Wednesday morning, before the weather, I managed to get out to the climbing gym. Weekday mornings are always a good time to go, and I feel like I climbed pretty well, tackling a few overhanging routes rated 5.9 to 5.10a. I still need to work on my upper body strength so that I can climb longer on these kinds of routes without getting as “pumped”. Yesterday afternoon, I ventured out onto the mean streets of Elkridge for a run. It was my first afternoon run in awhile, as I usually go early in the morning; but yesterday, I was concerned about icy roads. There were still some icy spots in the afternoon, mostly in shady areas, but it was not as bad as I had feared. I was able to follow my usual 5-mile route. I brought YakTrax along for insurance, but didn’t need them. Yesterday was also unique in that unlike my morning runs, I had already logged a couple of hours on the treadmill desk before I went out. I was definitely a little more tired at the end of the run than I usually am.

This morning, I was hoping to get out on the mountain bike, but unfortunately, it never got quite cold enough to freeze the trails. The predicted low was 26º, but when I woke up, it was still hovering at 31º. I went outside and saw that the puddles in our driveway were still liquid, so knew the trails would be a mess. I think the overnight cloud cover is what did us in. Next week is not looking promising for frozen trails, so it might be awhile before I get back out there. Maybe we’ll have a Christmas miracle. 😀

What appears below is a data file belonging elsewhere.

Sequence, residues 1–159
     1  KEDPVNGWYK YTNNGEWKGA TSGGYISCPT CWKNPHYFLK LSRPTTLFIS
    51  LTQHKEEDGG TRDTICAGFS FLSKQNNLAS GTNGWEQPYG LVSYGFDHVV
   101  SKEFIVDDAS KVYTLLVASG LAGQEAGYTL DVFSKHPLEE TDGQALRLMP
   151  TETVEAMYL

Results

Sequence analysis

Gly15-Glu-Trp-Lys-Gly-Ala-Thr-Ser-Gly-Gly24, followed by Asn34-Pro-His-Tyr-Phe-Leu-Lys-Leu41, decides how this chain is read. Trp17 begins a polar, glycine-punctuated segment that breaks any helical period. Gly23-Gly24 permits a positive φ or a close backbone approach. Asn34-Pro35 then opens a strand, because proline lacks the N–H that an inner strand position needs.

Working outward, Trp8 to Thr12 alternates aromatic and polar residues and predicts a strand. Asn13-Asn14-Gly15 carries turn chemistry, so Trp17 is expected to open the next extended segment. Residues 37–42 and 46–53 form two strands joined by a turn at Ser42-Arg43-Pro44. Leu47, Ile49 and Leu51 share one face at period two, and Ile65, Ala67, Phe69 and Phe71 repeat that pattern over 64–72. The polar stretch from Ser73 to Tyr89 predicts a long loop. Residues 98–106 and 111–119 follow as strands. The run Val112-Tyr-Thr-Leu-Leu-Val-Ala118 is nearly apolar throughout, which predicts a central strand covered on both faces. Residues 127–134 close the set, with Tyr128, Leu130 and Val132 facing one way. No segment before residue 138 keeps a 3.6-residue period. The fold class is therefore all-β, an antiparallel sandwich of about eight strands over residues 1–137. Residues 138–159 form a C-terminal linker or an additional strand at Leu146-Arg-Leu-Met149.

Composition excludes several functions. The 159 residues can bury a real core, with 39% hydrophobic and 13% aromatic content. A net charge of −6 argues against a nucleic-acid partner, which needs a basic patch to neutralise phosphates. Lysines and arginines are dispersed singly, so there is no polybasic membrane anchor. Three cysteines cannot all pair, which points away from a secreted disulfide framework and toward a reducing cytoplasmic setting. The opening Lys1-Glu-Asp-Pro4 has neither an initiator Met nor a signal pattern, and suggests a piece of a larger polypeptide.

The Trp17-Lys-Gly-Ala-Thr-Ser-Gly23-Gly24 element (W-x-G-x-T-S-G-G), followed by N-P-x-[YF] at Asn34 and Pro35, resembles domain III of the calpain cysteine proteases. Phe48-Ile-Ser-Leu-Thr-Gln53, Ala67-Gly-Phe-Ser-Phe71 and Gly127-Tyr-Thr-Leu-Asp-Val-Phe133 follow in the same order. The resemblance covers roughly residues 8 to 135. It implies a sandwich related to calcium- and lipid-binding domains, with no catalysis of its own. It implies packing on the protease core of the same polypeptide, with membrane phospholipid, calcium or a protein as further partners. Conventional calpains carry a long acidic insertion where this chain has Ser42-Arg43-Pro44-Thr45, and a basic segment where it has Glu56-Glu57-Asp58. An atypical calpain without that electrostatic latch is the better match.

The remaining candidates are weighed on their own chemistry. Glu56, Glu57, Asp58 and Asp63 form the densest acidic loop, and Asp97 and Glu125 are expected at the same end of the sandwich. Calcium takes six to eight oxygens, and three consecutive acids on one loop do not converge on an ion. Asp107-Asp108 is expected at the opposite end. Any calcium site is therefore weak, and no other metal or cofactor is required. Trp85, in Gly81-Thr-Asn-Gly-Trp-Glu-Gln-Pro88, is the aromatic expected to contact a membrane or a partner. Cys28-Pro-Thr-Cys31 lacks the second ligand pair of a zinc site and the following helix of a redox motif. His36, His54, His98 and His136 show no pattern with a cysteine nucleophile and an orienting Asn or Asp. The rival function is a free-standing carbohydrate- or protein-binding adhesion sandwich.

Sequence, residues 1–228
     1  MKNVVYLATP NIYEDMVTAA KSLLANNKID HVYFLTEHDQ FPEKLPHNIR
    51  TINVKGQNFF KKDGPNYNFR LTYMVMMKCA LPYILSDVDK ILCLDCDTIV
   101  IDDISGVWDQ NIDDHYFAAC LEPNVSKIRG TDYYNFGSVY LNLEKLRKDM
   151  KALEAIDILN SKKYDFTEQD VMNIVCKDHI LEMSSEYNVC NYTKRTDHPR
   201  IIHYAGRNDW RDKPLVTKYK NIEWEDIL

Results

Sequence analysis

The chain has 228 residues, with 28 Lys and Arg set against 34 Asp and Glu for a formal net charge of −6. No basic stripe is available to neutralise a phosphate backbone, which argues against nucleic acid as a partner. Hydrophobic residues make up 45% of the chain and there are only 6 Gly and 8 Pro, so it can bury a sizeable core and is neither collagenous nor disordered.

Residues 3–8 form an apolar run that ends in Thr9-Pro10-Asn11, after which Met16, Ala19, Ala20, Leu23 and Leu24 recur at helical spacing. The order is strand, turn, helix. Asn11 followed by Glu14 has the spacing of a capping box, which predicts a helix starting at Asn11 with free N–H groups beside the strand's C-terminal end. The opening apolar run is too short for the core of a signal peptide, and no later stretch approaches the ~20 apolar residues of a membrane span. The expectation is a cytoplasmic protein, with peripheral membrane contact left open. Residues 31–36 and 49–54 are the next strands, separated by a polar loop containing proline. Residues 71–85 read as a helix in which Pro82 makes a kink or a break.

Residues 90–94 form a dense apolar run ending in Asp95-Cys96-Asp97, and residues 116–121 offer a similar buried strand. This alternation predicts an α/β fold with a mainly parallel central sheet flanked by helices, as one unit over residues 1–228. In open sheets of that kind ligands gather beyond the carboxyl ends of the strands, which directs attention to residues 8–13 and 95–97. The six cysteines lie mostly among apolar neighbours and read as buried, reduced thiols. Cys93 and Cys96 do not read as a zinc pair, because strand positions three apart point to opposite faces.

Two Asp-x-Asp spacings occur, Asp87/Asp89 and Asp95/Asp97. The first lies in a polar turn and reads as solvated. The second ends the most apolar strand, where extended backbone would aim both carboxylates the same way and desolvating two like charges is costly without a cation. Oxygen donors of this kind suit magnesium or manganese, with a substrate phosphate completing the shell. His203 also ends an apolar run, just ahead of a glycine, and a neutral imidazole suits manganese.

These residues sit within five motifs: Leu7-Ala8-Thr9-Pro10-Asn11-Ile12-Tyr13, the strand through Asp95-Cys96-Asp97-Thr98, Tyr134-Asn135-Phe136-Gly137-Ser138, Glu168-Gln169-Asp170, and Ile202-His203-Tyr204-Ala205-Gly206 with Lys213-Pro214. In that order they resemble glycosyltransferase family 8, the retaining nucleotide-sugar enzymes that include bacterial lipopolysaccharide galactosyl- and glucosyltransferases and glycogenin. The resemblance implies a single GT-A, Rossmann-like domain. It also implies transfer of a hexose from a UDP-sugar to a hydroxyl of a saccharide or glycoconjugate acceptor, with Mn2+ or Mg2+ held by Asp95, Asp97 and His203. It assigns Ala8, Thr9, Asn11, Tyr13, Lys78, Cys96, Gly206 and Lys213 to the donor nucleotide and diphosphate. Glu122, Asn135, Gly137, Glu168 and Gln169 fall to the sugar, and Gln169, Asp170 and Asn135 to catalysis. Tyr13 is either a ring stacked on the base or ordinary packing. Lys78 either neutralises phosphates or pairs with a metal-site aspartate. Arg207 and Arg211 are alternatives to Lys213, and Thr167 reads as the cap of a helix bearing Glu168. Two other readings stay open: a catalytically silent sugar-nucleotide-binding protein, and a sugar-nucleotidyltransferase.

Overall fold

Categories
Biking Weather

Troptember

Once again we find ourselves in the month of September.  September is one of those months that’s neither here nor there.  It doesn’t really feel like summer any more, but it’s not autumn yet either.  It’s still humid and muggy all the time, and I work up a good sweat every time I ride my bike, but it’s too cold to use the pool most of the time.  The tropics are cranking out a new hurricane every week.  I think September should be declared a separate season.  We’ll have Winter, Spring, Summer, Troptember, and Autumn.

This week, we’ve got endless rain on deck from the remnants of Tropical Storm Lee.  It was drizzling when I rode to work, but not enough to make me want to wear rain gear.  I did pack it along, though, for the first time since last spring.  I suspect I’ll need the rain gear for the ride home this afternoon.

All this rain is a good thing, though, because it’s keeping a big category 3 hurricane out at sea, which otherwise might have threatened the east coast.  Yep, it’s that time of year.

Won’t be long ’til October…